“Guys, we spoke a different language on the plane and now we’re getting kicked out,” a visibly upset Saleh said to the camera. “This is 2016. 2016. Look, Delta Air Lines are kicking us out because we spoke a different language. You guys are racist. I cannot believe my eyes.”
As his video and subsequent tweets went viral, Saleh’s account was questioned by many on social media — even as his agent insisted to The Washington Post that the incident was not a prank.
In the video, as Saleh panned the camera around the plane cabin, a few passengers waved. Several could be heard shouting: “Bye!”
At least one passenger could be seen coming to Saleh’s defense, telling flight attendants that he thought what was happening was “insane.”
“I am upset that that’s happening, really upset,” the passenger said. “Is there freedom of speech? They can speak in whatever language they want to on the plane.”
Early Wednesday, Delta officials confirmed that two people were removed from the flight from London Heathrow International Airport to New York’s John F. Kennedy International Airport.
At first, the airline did not elaborate further, only saying that “a disturbance in the cabin resulted in more than 20 customers expressing their discomfort” and that it would conduct a full review after the plane landed.
Wednesday evening, the airline released a new statement saying that Saleh and Albaher had been “provocative.”
“Upon landing the crew was debriefed and multiple passenger statements collected,” the statement read. “Based on the information collected to date, it appears the customers who were removed sought to disrupt the cabin with provocative behavior, including shouting. This type of conduct is not welcome on any Delta flight. While one, according to media reports, is a known prankster who was video recorded and encouraged by his traveling companion, what is paramount to Delta is the safety and comfort of our passengers and employees. It is clear these individuals sought to violate that priority.”
Anthony Ellis, a passenger on the flight, told The Post that he was seated a row ahead of Saleh and Albaher, and had heard one of them shouting something while the other filmed people’s reactions.
Ellis, who speaks some Arabic, didn’t understand the word — and thought “maybe it was a goof that he was shouting to his friend.”
The two were not acting maliciously, he said, but almost like some students heading to Cancun for spring break would be, Ellis said.
When other passengers told them to stop shouting, however, it escalated. But Ellis said he did not hear Saleh speaking on the phone in Arabic.
“He was never any part on the phone — I would have heard the whole conversation,” Ellis said. “If someone’s being racist, I would stand up right away. In this day in age, you defend each other. It wasn’t like that. I mean, this guy was trying to antagonize people. I think because they made it into such a big scenario, [Saleh] then kind of panicked a little bit.”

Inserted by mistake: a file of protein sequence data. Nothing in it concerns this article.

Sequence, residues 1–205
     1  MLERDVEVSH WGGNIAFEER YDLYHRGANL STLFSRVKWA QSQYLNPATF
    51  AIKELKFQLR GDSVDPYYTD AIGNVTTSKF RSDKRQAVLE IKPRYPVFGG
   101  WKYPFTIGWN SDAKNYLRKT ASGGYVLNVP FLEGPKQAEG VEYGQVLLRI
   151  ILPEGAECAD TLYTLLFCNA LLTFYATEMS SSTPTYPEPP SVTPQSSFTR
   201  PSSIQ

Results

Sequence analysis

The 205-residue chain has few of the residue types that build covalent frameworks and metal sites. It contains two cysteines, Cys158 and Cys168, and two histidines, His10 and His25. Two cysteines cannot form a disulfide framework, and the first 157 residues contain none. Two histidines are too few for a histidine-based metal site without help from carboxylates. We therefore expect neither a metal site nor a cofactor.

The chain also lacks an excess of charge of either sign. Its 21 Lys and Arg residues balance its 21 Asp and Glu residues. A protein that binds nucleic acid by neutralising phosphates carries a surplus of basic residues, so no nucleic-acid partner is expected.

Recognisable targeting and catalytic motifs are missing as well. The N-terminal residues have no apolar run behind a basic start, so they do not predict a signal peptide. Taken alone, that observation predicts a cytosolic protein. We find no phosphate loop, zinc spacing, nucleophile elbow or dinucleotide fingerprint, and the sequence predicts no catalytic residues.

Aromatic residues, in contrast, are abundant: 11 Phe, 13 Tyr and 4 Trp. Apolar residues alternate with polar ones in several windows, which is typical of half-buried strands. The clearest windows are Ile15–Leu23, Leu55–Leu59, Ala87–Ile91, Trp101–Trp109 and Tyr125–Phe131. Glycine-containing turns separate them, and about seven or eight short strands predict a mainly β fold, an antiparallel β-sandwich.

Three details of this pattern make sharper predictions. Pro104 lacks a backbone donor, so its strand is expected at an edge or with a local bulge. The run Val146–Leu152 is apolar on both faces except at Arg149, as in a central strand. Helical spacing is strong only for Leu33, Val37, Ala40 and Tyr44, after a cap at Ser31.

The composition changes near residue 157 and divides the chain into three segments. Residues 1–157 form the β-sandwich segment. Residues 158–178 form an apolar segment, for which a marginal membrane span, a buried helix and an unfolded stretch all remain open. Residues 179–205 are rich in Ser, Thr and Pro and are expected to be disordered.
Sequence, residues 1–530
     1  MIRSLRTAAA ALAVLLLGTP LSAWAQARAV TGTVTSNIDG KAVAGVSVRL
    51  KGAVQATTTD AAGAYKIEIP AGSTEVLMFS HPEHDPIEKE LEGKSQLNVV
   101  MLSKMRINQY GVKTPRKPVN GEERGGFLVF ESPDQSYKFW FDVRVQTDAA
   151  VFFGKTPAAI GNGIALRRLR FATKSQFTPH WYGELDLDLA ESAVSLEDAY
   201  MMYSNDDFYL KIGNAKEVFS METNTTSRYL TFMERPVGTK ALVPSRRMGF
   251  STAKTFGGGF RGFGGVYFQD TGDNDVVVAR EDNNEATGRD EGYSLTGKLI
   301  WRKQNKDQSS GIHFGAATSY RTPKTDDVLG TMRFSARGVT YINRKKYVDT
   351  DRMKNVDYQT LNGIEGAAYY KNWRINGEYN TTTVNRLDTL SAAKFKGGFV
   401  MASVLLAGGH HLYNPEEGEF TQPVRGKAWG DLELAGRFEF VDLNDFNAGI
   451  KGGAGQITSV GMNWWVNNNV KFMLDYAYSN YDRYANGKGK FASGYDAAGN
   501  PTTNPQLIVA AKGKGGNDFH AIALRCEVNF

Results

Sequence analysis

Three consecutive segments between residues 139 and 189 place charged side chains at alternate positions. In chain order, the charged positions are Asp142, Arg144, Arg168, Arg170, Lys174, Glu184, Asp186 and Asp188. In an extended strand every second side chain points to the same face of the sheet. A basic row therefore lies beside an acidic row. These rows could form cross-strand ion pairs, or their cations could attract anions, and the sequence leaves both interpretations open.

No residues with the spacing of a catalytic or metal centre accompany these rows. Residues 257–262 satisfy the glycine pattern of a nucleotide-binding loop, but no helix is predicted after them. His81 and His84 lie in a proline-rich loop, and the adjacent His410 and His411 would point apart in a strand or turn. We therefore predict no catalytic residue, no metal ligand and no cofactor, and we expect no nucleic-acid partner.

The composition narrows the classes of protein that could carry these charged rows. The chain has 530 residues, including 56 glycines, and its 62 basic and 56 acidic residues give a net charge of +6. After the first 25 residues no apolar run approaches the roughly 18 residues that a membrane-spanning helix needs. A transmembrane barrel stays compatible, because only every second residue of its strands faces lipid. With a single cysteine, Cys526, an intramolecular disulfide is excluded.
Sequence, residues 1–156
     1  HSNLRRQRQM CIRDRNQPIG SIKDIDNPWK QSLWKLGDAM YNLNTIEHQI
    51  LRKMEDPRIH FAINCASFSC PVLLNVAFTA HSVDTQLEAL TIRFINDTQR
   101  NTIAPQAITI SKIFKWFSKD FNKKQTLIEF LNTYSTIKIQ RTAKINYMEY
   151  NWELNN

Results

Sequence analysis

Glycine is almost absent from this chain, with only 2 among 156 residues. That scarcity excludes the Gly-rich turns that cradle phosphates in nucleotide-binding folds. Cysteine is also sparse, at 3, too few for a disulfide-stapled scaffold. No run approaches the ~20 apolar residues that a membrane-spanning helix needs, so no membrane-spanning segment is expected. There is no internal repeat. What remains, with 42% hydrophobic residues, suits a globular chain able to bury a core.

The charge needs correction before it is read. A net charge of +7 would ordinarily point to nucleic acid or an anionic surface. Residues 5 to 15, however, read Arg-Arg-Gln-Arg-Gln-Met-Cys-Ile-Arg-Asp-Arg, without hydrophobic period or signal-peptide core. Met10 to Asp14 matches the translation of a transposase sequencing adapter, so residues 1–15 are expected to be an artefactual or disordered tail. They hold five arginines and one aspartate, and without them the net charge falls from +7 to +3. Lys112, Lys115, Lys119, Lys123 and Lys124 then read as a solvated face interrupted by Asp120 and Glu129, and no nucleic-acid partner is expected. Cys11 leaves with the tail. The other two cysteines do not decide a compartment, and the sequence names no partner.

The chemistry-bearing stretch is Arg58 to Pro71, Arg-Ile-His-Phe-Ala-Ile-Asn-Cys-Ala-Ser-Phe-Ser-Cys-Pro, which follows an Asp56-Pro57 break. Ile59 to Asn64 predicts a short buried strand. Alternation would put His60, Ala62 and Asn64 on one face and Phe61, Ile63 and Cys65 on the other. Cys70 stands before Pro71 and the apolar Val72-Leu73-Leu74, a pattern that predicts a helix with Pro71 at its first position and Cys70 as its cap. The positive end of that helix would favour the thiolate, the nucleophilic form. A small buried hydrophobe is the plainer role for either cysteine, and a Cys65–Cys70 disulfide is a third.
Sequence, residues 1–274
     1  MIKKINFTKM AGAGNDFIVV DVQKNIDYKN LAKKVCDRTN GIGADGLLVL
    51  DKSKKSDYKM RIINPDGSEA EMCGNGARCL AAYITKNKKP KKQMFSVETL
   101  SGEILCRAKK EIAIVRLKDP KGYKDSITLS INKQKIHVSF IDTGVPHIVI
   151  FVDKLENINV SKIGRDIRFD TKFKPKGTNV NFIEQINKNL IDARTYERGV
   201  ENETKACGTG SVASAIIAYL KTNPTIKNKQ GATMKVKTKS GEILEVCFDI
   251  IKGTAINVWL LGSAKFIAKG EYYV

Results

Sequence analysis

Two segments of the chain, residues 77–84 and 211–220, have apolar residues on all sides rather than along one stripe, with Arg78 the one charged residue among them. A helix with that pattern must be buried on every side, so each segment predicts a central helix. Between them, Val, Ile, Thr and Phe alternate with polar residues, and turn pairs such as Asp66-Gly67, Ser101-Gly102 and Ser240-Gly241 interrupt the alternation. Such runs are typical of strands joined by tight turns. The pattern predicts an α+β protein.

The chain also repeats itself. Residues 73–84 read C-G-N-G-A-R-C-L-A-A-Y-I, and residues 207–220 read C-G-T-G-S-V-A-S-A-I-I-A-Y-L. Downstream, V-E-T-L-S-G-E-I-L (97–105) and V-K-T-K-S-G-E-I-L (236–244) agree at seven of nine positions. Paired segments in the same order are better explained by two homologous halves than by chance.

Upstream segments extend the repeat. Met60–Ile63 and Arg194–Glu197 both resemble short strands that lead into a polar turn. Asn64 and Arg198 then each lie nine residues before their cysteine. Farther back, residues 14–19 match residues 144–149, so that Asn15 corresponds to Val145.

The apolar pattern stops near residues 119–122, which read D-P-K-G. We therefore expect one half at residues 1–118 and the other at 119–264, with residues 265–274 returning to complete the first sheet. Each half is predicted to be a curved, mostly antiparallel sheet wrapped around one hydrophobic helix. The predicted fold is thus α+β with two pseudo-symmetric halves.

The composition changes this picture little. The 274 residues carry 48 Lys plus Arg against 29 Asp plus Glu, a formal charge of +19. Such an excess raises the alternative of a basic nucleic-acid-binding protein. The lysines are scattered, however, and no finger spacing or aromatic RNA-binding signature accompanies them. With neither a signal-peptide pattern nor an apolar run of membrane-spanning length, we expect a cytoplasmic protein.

Flight-tracking records showed the plane departed Heathrow at 11:03 a.m. local time, about an hour after its scheduled departure. It was scheduled to land at JFK around 2:45 p.m.
Saleh’s tweets were shared tens of thousands of times. Within a few hours, the original video depicting him on the plane had been retweeted more than 300,000 times and #BoycottDelta had become the top trending topic worldwide on Twitter.
On Wednesday, skeptics noted Saleh’s history and cast doubt on his account of getting kicked off a Delta flight.
Saleh started making YouTube videos as a teenager and has since achieved some level of fame as a YouTube star and vlogger. He is known for playing pranks on people, and often those recorded pranks center on the different treatment of Muslims in everyday life.
Some took place on airplanes, such as one Saleh posted in February titled “COUNTING DOWN IN ARABIC ON A PLANE EXPERIMENT!!”
Saleh and his friend later admitted at least one of their most popular videos, showing alleged discrimination by a New York City police officer, was staged.
“It wasn’t [real], it was a dramatization [of] a reenactment of what happened to us whilst filming in our traditional clothing,” Saleh wrote in a subsequent video apology. “We just wanted to bring awareness to the world that we weren’t going to be treated unjustly.”
Just last week, an Australian news site used airport security footage to debunk one of Saleh’s most recent video claims — that he stowed away in a suitcase to fly from Melbourne to Sydney.
Saleh seemed aware of his reputation in a live-streamed video he took at the gate after he deplaned.
“And on my mother’s life. . . . I’ll say it for the eighth time, this is not even over-exaggeration, this is literally exactly what happened,” Saleh said into the camera. “I cannot believe my eyes. I cannot believe what the heck just happened.”
His agent, Naz Rahman, said in a phone call from London that what happened on the plane was not staged.
“This isn’t a prank; this is not a prank,” Rahman told The Post. “We wouldn’t go to this extent to do a prank. I know he’s a prankster, but you can see it clearly on video what’s happened there.”
A call to Saleh went straight to voice mail, and he did not immediately respond to a text message Wednesday.